Harvey Norman AGM revives debate over proxy advisor groups

Harvey Norman investors are expected to exert pressure on leaders of the furniture and appliance retailer at the company’s AGM tomorrow, when shareholders will vote on executive pay and the reelection of several board members.

According to shareholder proxy advisor Glass Lewis, the company’s recent AGMs suggest shareholders are ready for a change.

Last year, shareholders delivered a first strike against Harvey Norman’s remuneration report, putting pressure on the board this year to avoid a spill.

“Concerns about the composition and independence of the board at Harvey Norman have lasted longer than some of the appliances and electronic gadgets sold by the retailer,” Glass Lewis said in a note to shareholders.

Until March of this year the most junior director was appointed prior to the Global Financial Crisis in 2008, Glass Lewis said. But, with the appointment of Maurice Craven, the company has a board member whose “independence isn’t complicated by business relationships, familial ties, or long service”.

Shareholder Stephen Mayne has put himself forward for election to the board, although he agreed to withdraw his nomination should the board agree to compensate non-participating retail shareholders in the recent $165 million capital raising by auctioning off the shortfall to the highest bidder.

“Whether the outsider Mayne garners much support from institutional investors remains to be seen, but given the current board controls the company, some shareholders may see this as an opportunity to lodge a more novel protest vote without running the risk of actually electing the outsider to the board,” Glass Lewis said.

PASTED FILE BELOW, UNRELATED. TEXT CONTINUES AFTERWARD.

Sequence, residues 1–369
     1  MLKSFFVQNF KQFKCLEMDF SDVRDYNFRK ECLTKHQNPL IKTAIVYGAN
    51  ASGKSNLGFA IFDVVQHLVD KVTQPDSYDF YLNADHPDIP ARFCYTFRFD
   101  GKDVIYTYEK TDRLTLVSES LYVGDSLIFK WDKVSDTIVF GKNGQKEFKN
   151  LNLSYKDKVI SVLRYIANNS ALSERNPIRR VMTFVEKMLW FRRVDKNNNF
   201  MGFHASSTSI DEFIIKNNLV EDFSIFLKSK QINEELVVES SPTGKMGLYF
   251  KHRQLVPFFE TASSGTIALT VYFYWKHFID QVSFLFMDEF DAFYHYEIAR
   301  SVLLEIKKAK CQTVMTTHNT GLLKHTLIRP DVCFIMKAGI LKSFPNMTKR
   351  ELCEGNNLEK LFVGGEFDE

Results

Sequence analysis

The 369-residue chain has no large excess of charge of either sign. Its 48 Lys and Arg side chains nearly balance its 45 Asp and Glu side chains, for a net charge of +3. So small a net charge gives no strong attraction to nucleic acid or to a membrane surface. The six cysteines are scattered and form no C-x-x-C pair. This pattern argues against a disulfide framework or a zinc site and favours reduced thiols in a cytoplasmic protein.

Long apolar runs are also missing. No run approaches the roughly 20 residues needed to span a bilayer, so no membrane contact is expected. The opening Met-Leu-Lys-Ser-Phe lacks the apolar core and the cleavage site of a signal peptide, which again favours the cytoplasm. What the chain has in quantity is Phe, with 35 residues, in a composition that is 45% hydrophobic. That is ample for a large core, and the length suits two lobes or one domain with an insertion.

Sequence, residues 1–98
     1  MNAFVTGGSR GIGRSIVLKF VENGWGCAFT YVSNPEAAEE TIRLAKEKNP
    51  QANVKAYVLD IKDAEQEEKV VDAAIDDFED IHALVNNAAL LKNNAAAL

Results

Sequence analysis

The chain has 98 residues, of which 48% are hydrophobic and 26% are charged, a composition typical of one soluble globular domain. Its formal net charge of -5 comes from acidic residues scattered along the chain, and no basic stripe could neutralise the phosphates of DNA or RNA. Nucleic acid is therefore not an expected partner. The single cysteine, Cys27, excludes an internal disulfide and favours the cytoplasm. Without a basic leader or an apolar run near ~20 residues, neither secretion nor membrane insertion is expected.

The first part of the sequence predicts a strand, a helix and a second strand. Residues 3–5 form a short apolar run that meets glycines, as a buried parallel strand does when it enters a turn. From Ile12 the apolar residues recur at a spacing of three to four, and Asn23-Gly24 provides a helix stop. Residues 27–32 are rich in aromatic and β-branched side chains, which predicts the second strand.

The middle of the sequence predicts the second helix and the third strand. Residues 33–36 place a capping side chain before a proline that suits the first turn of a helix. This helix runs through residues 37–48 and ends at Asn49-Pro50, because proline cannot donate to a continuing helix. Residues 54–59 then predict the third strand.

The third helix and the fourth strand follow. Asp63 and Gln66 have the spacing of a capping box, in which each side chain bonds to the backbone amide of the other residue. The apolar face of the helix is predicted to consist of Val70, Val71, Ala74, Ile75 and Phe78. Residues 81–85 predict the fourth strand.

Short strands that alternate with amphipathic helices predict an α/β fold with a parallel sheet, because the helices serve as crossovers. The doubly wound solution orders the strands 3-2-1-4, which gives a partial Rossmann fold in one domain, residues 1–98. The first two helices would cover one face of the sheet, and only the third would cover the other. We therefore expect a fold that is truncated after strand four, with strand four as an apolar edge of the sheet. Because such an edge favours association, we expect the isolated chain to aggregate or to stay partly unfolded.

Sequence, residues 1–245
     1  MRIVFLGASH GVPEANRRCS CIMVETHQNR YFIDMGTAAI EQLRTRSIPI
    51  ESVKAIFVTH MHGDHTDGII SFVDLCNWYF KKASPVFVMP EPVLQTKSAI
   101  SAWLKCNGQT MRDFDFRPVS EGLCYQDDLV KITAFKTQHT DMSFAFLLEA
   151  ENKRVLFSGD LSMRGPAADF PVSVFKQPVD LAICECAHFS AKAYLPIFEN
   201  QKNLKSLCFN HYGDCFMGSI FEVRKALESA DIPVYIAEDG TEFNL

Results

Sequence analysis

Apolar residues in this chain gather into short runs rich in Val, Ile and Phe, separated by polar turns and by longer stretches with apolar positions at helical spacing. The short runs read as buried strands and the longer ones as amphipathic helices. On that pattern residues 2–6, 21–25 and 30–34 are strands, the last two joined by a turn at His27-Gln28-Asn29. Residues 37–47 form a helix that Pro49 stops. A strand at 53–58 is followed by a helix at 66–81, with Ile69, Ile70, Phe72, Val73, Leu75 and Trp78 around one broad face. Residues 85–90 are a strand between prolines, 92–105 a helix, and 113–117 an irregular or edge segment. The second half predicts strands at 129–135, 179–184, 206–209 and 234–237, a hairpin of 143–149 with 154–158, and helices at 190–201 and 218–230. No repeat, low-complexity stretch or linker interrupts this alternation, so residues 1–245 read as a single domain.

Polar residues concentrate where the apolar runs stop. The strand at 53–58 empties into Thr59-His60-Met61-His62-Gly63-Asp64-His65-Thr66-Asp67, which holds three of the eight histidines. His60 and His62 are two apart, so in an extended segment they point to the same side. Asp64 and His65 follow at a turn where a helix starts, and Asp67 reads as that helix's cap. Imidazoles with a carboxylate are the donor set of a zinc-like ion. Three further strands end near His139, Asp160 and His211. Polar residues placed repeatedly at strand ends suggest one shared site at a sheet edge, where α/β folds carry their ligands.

Glass Lewis clarified that it doesn’t recommend that shareholders vote for the proposal, but that other proxy advisors may have a different view. 

Companies question proxy recommendations

At Harvey Norman’s 2018 AGM, proxy advisor the Australian Shareholders’ Association (ASA) railed against the company’s remuneration report, noting that the policy didn’t align with its guidelines for good practice.

At the time, Harvey Norman hit back at the association, telling The Australian that the ASA were “nobodies” who “don’t represent anyone”.

In recent weeks, more businesses have pushed for transparency around the recommendations proxy advisors give to shareholders, with Angus Armour, chief executive of Australian Institute of Company Directors, stating that Australia doesn’t have the same clear rules of engagement as other markets.

“The US securities and exchange commission is proposing to increase transparency and accuracy of the proxy voting system, including requiring proxy advisors to give companies an opportunity to review and respond to their draft proxy advice before it is distributed to shareholders, as well as enhance disclosures around conflicts of interest,” Armour said in a statement to Inside Retail.

“The AICD believes these proposals warrant consideration in the Australian market.”

Harvey Norman chief executive Katie Page said advisors should want to “guarantee the accuracy of their statements, rather than make misleading assumptions either intentionally or unintentionally”, according to The Sydney Morning Herald.

In a review of proxy advisor engagements published in 2018, ASIC found that the major issues companies have with proxy advisors is an apparent unwillingness to engage, providing small windows for companies to respond to clarify issues prior to a vote, and a failure to correct inaccuracies in a report.

However, in discussions with proxy advisors, ASIC found they were willing to engage with companies through the year – not just prior to votes – and were willing to obtain a company’s feedback on factual matters.

They were also willing to make a copy of their report available to the company prior to or after publication, but wished to maintain independent from the companies that were the subject of their reports. 

ASIC noted that while engagement between companies and proxy advisors was generally positive, it needed to be done for the purpose of informing shareholders.

“It should not be viewed simply as an advocacy opportunity by companies to influence a proxy advisor’s recommendation in relation to a particular resolution,” ASIC recommended.  

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